Three Massive Product Recalls, And The Chilling Circumstances Behind Them

Published April 11, 2016
Updated January 22, 2018

Sometimes product makers get things wrong — and sometimes, they knowingly risk lives for a quick buck. The worst product recalls of recent years will have you thinking twice about going to the store.

Worst Recalls

An average of 30 class I and II recalls occur every week in the U.S., according to the U.S. Department of Agriculture. Image Source: Pixabay

Developed countries usually have high standards for products available for sale within their borders. Those standards aren’t always followed, however, and sometimes a dangerous product finds its way to market. When that happens, the only way forward, amid a welter of lawsuits, is a product recall.

Over a single 10-day period in March 2016, the Consumer Product Safety Commission warned customers not to buy or use: Panasonic laptops, because their batteries burst into flames; Ikea floor lamps, because their metal frames are shocking people; GE ceiling lamps, because they’re falling out of their mounts without warning; and a disturbingly high number of different bicycle parts due to crash hazards and, in one case, a taillight that catches fire when it’s mounted under the rider’s seat.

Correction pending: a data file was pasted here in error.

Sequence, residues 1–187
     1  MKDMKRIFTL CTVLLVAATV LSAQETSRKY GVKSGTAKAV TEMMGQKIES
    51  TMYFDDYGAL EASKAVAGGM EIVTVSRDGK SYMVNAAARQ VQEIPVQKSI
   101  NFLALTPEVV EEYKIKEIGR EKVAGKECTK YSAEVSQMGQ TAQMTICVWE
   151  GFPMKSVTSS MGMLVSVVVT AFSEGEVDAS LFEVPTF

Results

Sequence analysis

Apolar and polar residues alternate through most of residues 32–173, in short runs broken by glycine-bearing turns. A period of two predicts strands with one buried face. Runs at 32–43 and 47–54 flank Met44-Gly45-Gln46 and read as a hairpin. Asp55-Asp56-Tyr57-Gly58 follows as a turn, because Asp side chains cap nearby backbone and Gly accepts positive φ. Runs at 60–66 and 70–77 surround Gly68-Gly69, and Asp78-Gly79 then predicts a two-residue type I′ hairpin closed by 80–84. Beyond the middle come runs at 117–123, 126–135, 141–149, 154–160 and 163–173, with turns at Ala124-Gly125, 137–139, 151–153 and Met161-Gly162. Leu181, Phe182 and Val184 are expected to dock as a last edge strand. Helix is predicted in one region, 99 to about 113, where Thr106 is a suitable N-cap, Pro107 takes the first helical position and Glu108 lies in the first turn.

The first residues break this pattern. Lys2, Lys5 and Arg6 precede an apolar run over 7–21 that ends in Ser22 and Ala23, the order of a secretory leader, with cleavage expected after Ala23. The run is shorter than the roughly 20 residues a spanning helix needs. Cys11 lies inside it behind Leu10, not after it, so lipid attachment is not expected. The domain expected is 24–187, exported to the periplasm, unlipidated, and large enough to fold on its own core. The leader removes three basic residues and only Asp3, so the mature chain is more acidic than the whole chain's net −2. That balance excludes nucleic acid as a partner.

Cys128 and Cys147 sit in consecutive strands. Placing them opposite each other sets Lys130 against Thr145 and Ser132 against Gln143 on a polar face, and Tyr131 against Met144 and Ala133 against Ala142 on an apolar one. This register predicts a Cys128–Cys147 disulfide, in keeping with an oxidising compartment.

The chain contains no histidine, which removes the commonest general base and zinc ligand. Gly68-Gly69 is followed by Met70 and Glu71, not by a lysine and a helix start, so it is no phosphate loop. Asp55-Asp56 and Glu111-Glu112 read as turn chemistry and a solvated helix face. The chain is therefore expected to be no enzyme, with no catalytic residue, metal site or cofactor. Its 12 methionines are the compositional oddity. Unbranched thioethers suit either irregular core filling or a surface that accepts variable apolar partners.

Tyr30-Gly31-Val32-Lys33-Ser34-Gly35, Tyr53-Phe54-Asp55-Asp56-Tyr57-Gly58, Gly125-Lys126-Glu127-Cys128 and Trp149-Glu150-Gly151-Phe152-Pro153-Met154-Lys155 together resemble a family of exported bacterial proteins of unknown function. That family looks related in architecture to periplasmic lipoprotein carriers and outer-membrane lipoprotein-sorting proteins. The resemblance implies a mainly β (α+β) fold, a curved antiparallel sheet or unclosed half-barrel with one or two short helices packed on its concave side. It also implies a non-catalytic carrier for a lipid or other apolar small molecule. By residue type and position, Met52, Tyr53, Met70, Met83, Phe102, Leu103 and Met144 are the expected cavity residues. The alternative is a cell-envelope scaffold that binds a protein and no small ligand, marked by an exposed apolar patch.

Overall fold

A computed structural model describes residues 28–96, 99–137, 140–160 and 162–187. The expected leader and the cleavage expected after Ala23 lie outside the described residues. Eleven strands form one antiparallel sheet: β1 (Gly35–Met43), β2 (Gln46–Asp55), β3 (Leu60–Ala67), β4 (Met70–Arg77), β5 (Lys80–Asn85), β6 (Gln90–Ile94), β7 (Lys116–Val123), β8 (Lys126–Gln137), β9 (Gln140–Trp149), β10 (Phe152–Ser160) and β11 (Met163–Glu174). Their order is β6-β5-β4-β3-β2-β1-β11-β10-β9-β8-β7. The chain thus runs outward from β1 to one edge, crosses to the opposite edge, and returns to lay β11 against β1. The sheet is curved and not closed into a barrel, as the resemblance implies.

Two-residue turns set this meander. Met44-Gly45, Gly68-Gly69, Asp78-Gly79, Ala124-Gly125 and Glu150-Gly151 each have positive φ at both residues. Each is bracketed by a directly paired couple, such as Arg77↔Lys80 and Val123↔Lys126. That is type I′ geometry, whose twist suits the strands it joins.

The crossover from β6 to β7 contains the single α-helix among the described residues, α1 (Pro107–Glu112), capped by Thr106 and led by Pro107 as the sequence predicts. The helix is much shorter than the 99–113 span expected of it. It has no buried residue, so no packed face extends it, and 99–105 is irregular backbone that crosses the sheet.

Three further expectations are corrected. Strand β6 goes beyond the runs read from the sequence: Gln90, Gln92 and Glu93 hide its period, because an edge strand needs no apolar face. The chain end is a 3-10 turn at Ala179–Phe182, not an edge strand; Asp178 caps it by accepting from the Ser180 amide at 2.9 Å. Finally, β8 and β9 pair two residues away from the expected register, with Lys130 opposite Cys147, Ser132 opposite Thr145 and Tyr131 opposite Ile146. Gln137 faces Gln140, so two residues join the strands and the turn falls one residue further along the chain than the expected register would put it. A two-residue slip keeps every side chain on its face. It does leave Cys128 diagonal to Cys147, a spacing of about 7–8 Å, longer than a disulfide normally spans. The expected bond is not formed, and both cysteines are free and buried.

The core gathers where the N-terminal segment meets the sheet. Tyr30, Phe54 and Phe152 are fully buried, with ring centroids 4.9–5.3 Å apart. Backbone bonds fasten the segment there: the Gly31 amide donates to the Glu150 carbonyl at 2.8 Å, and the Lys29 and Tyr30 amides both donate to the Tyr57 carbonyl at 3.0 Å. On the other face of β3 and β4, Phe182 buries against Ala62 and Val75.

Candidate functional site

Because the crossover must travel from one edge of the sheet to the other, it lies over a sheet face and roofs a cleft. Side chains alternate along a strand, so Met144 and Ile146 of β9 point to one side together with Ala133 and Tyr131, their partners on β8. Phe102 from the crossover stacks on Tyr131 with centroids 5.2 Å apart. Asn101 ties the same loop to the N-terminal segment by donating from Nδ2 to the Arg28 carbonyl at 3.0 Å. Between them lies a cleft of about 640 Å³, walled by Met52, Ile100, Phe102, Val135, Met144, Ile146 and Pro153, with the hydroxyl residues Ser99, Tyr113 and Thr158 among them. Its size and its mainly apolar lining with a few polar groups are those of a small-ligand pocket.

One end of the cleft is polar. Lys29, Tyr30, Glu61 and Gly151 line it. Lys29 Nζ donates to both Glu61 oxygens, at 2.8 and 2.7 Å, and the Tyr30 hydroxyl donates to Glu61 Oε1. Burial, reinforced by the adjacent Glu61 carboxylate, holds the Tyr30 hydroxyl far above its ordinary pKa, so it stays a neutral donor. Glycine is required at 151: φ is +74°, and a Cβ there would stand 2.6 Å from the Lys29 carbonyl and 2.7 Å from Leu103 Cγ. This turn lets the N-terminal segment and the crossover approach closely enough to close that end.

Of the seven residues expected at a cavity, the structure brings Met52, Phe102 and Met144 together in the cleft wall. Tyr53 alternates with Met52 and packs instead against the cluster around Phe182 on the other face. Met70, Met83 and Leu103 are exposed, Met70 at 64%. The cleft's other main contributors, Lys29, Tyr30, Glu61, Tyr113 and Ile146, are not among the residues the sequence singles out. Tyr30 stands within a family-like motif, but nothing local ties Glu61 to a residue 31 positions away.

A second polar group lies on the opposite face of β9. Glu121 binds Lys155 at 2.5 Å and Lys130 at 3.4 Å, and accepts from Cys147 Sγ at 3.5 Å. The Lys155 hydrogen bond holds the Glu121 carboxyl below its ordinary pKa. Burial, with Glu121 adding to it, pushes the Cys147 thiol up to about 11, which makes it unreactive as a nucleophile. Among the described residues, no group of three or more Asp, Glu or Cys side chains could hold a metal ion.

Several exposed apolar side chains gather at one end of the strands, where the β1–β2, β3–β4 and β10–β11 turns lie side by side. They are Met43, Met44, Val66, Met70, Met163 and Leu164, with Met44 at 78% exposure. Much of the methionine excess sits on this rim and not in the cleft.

The process of pulling defective goods from the shelves has gotten pretty streamlined over the years, but there are still glitches from time to time. Sometimes companies swing into action to protect their customers, but at other times — as seen in some of the following examples — they, well, don’t.

Richard Stockton
Richard Stockton is a freelance science and technology writer from Sacramento, California.
Savannah Cox
Savannah Cox holds a Master's in International Affairs from The New School as well as a PhD from the University of California, Berkeley, and now serves as an Assistant Professor at the University of Sheffield. Her work as a writer has also appeared on DNAinfo.
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Stockton, Richard. "Three Massive Product Recalls, And The Chilling Circumstances Behind Them.", April 11, 2016, Accessed May 18, 2024.